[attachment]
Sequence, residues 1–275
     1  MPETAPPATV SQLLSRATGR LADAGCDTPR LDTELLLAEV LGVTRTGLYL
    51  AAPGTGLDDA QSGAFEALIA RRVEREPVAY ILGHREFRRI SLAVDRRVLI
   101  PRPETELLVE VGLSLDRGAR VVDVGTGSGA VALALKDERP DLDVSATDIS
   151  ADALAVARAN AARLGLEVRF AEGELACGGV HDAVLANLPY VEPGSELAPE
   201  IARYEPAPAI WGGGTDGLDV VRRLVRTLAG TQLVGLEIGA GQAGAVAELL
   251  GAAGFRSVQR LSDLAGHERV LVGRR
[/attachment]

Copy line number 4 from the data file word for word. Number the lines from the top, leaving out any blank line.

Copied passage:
   101  PRPETELLVE VGLSLDRGAR VVDVGTGSGA VALALKDERP DLDVSATDIS